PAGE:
The year prior to our 1975 outing, my husband (Robert, alias Roberto, RoBear, or Bobby) and I had made the acquaintance of a young, Okanagan organic farmer named "Hank Dirt". In the winter, we contracted with him to raise fairly large quantities of certain commodities for us, and told him that come July—on our annual cherry/apricot/peach-picking journey—we'd be glad to stop by and help with the hoeing of our vegetables in return for a reduced price on the goods. He agreed to this arrangement, and asked if Roberto and I would mind bringing along some seaweed for fertilizer.
Well, foraging for seaweed is one of our favorite occupations anyway, so we didn't mind at all. Bobby and I proceeded to harvest a two-ton-truck-load of "tossed salad"—storm-shredded kelp, eelgrass, rockweed, and dozens of other varieties of giant algae in shades of green, brown, white, and hot pink—seasoned (so to speak) with sand, shell particles, and fine wood debris. After collecting the "weeds", we spread them out to be washed by the rain (fresh seaweed is too salty for use as fertilizer) and dried by the sun. Tending and tedding it like hay, we eventually had a third of a truckful of choice, dry fertilizer to take to Hank's place.
When Roberto and I—and our 6-year-old son, Faro, and 2-nearly-3 daughter, Reina—arrived at Dirt's farm on July 18, we found Hank way behind in his hoeing. The grass, pigweed, and nightshade were choking his soybeans, squash, corn, and tomatoes so badly—in fact—that he immediately offered us a credit of $4.00 per hour to hoe for him . . . which was all the excuse we needed to pick up our tools and get to work.
After gently prodding Hank with "How long have we been hoeing so far?" and "What d'ya think the kids' work is worth?", we came right out and asked our young farmer friend if we couldn't swap the whole family's efforts for produce. The deal which resulted was very satisfactory all the way around: We'd hoe a certain area then and be "paid" with twenty 40-pound boxes of tomatoes in September.
Then came the question of the seaweed. "What do you figure all that fertilizer's worth?" our friend asked.
"Well, Hank," Roberto answered, "we've put so much love and labor into that weed that it's beyond price . . . so we'll just have to give it to you."
Dirt pulled his beard and chuckled. "You know, Bobby, that's exactly how I feel about my vegetables. So while you're here, you just take all the fresh vegetables you can eat."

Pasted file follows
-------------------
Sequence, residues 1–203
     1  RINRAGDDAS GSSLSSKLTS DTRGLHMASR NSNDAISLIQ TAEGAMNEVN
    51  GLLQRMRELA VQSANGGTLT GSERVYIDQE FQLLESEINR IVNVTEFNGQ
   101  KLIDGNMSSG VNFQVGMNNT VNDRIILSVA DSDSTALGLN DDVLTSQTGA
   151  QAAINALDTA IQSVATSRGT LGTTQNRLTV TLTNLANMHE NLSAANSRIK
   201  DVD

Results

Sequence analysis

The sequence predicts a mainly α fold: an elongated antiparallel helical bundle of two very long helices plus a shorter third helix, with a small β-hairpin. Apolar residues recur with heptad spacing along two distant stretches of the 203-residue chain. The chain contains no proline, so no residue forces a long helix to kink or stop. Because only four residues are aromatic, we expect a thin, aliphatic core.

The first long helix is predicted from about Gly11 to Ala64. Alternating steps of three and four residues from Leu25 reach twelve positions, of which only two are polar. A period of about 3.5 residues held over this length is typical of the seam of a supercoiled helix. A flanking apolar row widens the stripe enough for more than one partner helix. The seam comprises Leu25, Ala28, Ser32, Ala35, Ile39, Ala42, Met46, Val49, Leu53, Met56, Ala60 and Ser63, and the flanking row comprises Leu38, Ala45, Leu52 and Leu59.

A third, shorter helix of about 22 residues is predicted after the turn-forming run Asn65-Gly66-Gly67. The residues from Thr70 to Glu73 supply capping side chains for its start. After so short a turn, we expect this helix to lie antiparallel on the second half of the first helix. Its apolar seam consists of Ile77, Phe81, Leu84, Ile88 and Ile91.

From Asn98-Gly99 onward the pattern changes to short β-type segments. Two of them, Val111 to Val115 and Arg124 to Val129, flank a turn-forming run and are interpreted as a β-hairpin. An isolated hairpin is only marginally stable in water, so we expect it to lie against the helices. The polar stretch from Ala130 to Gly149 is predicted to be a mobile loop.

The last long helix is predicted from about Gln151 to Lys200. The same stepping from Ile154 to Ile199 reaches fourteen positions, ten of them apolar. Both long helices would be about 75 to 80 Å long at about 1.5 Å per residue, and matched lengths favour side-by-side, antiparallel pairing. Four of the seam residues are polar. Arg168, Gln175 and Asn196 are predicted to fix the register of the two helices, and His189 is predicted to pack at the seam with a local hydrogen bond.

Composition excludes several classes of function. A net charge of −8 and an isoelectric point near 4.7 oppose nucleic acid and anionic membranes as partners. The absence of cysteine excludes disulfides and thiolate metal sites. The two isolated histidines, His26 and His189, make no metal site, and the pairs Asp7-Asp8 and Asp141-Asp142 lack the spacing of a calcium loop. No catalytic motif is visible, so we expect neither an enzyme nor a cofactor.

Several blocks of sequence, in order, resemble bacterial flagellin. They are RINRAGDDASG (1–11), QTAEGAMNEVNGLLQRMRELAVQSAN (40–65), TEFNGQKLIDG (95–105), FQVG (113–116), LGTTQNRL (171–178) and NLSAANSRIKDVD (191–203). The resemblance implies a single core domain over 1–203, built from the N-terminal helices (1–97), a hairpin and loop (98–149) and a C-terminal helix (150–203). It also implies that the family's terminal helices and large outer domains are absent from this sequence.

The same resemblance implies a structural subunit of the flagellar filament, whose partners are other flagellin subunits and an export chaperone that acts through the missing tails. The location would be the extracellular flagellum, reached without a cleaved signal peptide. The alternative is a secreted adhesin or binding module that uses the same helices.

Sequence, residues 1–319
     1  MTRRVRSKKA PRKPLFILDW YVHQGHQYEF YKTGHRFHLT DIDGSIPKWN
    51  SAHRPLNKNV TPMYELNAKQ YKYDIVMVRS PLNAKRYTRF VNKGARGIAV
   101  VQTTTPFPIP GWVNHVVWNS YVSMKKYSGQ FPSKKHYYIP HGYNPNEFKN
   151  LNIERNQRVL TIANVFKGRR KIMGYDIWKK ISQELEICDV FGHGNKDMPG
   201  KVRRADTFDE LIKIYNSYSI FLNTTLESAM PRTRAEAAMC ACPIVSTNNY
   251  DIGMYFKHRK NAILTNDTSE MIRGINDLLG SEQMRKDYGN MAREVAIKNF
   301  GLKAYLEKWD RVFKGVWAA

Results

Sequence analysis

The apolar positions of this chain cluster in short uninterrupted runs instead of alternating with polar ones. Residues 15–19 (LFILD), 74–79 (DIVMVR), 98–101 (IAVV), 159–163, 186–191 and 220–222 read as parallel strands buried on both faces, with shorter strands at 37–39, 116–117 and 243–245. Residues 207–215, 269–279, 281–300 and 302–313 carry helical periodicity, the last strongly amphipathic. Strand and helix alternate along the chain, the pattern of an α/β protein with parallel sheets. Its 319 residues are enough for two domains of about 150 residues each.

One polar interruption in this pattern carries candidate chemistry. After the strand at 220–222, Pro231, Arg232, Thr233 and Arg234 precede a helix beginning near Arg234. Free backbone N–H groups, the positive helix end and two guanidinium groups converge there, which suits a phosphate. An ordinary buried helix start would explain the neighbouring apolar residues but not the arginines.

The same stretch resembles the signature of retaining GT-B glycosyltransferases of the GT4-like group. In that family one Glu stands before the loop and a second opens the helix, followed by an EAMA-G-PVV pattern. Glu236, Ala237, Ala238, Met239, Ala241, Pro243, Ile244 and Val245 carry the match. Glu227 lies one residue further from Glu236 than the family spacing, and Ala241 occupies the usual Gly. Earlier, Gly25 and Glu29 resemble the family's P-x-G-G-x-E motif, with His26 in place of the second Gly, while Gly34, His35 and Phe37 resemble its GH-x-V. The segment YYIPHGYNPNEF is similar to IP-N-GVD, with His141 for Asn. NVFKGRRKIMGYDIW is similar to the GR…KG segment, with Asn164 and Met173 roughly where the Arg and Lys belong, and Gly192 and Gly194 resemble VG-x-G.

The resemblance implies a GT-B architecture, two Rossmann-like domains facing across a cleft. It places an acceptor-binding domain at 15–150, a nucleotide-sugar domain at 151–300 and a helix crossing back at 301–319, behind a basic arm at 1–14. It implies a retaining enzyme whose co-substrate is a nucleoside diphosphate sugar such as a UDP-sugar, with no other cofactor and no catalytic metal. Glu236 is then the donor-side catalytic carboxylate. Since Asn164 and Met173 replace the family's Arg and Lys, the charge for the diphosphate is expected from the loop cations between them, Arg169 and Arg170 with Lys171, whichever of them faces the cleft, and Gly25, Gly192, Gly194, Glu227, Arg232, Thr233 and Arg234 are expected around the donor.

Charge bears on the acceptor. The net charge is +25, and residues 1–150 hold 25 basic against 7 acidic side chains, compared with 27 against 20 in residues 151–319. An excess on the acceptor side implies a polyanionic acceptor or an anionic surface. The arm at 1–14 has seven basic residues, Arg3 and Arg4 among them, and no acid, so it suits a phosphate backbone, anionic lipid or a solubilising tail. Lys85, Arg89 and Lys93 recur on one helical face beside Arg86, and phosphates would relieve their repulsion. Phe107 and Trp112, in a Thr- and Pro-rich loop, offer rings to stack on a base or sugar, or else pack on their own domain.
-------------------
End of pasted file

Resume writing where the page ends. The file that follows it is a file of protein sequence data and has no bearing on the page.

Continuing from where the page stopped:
In this way, Hank got his high-quality fertilizer for the farm . . . and we—in turn—wound up with plenty of onions, new red potatoes, cucumbers, kohlrabi, and sweet corn.
Next, while we were camped out at Hank's, we discovered eight fruit ladders—ranging from 8 to 18 feet in height (each of which would cost up to $100 new)—just lying in the grass, left over (apparently) from the time when the farm had been an orchard. After a quick huddle with Hank we had another deal on our hands. Using the tools and the scraps of lumber and other odd hardware we always carry, it took Robert and me only a day to repair all the ladders. Then Hank selected four for himself, and we got the others. (They were most useful to us, too. From that day on, whenever we talked up deals with farmers to clean their orchards of fruit, we could always say "We have our own ladders and buckets" . . . and we'd get the job.)
Both Hank's family and ours like to dry fruits and vegetables, and it just so happened that our farmer friend had a plastic covered dome that warmed up fast when it was set out in the sun. So we arranged a third deal: Hank would provide screening, staple gun, and free access to his private junk lumber pile . . . and we'd construct eight 2' X 6' drying racks—covered with fine fiberglass screening—which we could all then share.
Well, we built the racks, and we did dry some of our cherries on them . . . but when all was said and done, we didn't really come out even on the exchange. Roberto simply shrugged and said, "You can't expect to make good on every deal." As luck would have it, though, this imbalance was corrected at a later date.
We stayed at Hank's for another week, and then decided to move on. Our swap experiences didn't end then, however . . . because after various deals and scrounges—and untold hours of work in farmers' orchards—we ended up with 1,200 pounds of cherries, and 1,000 pounds each of apricots and peaches to take home as a supplement to some cash wages.
And there were more deals yet. Once, as we were driving along one night at three o'clock in the morning, the semi ahead of us began to accidentally rain 50-pound sacks of chicken feed along the freeway. We salvaged $20 worth of the split sacks of hen scratch, and—after living around the stuff for a couple of weeks—finally located a homesteading family that could use it.
"What can we trade you for the feed?" they asked. Well, the family's hens weren't laying many eggs at the time, and their goats weren't giving much milk (and we didn't care to swap for rabbit carcasses). So we gave them the scratch, and someday we'll get something interesting in return . . . perhaps a collection of native plant seeds.
On another occasion last summer, some fellow "gypsies" stopped at our camp to compare notes on sources of fruit, drying techniques, the orchard job situation, kids, travels, trucks, etc. Before they'd left, we had swapped them a box of choice late cherries for two boxes of cull apricots.
We arrived back at Hank Dirt's farm on September 17, only to find our friend in a bit of a quandary: He was burdened with a field of luscious, ripe—and ripening—organic tomatoes for which he had no buyers. The local market was absolutely glutted . . . and those 'maters wouldn't sell at ten or nine or seven or even five cents a pound. Yet, two hundred miles away-over the mountains—lay the city of Vancouver, where people were paying 59¢ a pound for tomatoes shipped all the way from Mexico!